Many of Nalleli Cobo’s recent memories are of being sick. Beginning in 2010, at just nine-years-old, she had constant nosebleeds and headaches. At her school, in University Park, in South Los Angeles, she’d often go to the nurse, complaining of stomach pain. She developed asthma and heart palpitations. And she wasn’t the only one.
“I was sick just like the other kids in my neighborhood,” Cobo says. “My nose was always bleeding and my mom was nauseous and had migraines.”
From 2010 to 2014, Cobo lived near a large oil well, owned by the oil company AllenCo. Located just two blocks from her school, it was one of the thousands of urban oil and gas drilling sites located in and around Los Angeles. Most are located in low-income, Hispanic neighborhoods.
But Cobo didn’t sit inside and complain. Instead, she joined community efforts to fight against the well. She passed out flyers, educated her neighbors and advocated publicly against the oil operation.
In 2013, largely thanks to community efforts, the well was closed. And in June, a public nuisance lawsuit filed by the City of Los Angeles against the company was settled, ruling that AllenCo could not pump oil again until it meets all federal, state and local environmental rules.
But Cobo and her mother Monic Uriarte, who works for the social services organization Esperanza Community Housing, say the settlement doesn’t go far enough. They continue to take part in local community efforts to make the closure permanent. For her activism, Cobo’s become known around the country.
"Unity is strength, and our effort can weaken the enemy, no matter how rich and powerful it is,” Cobo told Univision. “We must tell AllenCo that wells and residents cannot coexist.”
AllenCo bought the oil production facility, located between nine schools and day-care centers, in 2009. The neighborhood complaints began that same year, Cobo says. The smells were horrible. And Cobo and many of her neighbors began to complain of serious headaches, scratchy throats, nausea and bloody noses.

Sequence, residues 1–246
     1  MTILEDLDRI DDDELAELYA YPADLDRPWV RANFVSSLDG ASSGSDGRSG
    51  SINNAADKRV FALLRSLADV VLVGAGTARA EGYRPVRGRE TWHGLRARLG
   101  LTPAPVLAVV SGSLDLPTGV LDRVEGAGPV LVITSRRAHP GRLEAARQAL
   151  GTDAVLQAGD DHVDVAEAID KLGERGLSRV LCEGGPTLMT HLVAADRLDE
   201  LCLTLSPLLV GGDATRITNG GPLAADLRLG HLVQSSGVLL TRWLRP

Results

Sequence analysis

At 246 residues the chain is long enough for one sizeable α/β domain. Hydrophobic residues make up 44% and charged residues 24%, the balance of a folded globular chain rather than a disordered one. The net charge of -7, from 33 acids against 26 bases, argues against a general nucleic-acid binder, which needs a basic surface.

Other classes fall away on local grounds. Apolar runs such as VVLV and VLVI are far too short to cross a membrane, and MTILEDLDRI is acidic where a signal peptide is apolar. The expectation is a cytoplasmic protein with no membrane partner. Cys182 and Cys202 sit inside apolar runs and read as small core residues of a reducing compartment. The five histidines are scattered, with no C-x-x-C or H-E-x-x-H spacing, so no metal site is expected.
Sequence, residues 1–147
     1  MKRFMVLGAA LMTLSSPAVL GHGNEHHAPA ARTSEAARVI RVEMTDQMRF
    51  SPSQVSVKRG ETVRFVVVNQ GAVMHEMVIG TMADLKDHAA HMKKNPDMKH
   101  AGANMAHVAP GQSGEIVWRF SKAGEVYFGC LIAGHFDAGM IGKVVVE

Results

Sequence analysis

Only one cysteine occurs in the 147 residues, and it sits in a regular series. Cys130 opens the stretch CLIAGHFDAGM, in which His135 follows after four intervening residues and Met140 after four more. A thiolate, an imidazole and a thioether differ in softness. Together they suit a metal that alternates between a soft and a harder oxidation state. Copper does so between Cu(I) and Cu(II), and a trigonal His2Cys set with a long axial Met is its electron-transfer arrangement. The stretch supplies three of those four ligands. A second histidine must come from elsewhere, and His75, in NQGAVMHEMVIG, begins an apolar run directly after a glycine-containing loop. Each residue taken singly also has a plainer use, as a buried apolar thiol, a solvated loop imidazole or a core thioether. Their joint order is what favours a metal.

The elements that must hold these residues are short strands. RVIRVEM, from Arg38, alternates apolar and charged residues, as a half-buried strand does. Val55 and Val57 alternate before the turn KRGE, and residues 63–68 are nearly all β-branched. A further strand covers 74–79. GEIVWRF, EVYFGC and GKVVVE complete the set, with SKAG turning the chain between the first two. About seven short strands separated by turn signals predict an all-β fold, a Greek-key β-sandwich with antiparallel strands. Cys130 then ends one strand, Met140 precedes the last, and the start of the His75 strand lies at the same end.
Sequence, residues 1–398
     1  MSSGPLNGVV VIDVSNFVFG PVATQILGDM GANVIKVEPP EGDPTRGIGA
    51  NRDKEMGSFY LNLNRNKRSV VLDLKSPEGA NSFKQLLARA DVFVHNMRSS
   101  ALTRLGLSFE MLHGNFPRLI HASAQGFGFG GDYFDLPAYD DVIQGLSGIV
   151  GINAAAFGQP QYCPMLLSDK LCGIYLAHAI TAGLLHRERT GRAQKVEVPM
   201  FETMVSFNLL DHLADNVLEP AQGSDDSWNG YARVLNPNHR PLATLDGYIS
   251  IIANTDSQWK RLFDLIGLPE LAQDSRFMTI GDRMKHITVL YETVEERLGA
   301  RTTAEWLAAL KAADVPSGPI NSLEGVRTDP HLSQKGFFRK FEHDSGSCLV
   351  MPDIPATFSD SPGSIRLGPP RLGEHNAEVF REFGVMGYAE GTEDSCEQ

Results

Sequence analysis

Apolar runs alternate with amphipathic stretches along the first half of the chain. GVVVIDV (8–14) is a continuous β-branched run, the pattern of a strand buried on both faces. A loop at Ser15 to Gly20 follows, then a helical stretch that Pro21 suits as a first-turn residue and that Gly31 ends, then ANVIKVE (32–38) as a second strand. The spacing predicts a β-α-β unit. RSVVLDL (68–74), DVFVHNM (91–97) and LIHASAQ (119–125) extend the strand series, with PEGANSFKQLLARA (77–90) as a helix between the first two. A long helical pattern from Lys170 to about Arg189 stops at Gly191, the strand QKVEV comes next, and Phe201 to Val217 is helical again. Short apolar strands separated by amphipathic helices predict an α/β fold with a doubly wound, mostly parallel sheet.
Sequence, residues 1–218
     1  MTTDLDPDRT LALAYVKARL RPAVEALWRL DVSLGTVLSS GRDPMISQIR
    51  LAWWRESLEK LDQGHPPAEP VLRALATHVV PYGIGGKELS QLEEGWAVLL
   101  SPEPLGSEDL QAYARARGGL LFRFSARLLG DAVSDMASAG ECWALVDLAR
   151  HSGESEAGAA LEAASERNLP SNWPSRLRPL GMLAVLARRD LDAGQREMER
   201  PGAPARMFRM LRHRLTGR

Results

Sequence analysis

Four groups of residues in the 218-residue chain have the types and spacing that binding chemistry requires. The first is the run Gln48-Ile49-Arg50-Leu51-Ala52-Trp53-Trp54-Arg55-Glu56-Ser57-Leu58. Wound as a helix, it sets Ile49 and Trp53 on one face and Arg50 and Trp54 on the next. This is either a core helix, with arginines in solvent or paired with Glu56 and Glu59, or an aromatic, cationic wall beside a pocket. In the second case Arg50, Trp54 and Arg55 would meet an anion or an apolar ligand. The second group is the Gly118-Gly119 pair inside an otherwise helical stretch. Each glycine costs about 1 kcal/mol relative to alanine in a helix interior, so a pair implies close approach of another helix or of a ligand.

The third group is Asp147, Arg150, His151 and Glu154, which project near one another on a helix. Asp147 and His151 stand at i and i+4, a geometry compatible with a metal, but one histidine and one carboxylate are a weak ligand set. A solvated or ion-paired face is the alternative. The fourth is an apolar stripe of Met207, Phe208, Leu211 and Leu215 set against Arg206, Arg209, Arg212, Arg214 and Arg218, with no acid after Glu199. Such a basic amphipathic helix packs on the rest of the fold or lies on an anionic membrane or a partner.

“No parent should be scared that their child may die while they sleep, by choking on their own blood,” Uriarte says.
Residents of the low-income neighborhood couldn’t afford to pick up and move. And that’s when Cobo and her family joined a community effort to shut down the wells. The grassroots team organized community meetings to share stories and concerns. That led to the creation of the People Not Pozos (People Not Oil Wells) program.
"Nalleli has been involved in this fight since she was little,” Uriarte says. “She lived the consequences of pollution and she realized that it was unfair. My daughter knows how to speak out and is not afraid to fight for the welfare of our community.”
Complaints led to state and federal investigations, during which authorities found that AllenCo was in violation of the General Duty Clause of the Clean Air Act, and that the well did not meet standards of industrial practices.
In November 2013, under pressure from U.S. Senator Barbara Boxer, the well was shut down. The following January, Los Angeles City Attorney Mike Feuer filed a lawsuit to prevent AllenCo from reopening until it complies with health and safety regulations. The company agreed to spend about $700,000 to make improvements.
“The temporary success we had to close AllenCo is a very good example of how residents can come together to fight injustice,” says Sandy Navarro, People Not Pozos coordinator. “As a Latina, I am very proud of us to create a difference and be leaders of this effort.”
But Cobo and her neighbors say the shutdown must be permanent. She says her health, and that of her neighbors, improved as soon as the well was shut down.
Two years ago, she sent a video to the Pope asking for help in closing the well. But not for religious reasons; the well is located on land owned by the archdiocese of Los Angeles.
“Our community has been able to get this well temporarily shut down,” she said in the video. “But everyday I’m worried that they will reopen and that we’ll be exposed to the toxic emissions.”
She never received a response from the Catholic church.
“Many Hispanics are afraid to say something because of their immigration status, language or economic resources,” Uriarte says. “But we can all come together to seek justice. Everyone has the right to breathe clean air.”
In 2014, the family moved away from the well. But Cobo has remained involved in the fight.
In March, Leonardo DiCaprio mentioned Cobo in a tweet. On a tour of “toxic L.A.” in April, Mark Ruffalo spoke to Cobo, and then called her a “ real superhero” on Twitter. In May, she met Bernie Sanders while he was in town to tour Los Angeles’ urban oil fields.
"We had to change houses because of my health, but I'm still active with this topic because I am afraid they'll reopen the well," Cobo says. "There are still other places in Los Angeles and around the country where this is happening, and we can not let that continue."
Jessica Weiss contributed to this report.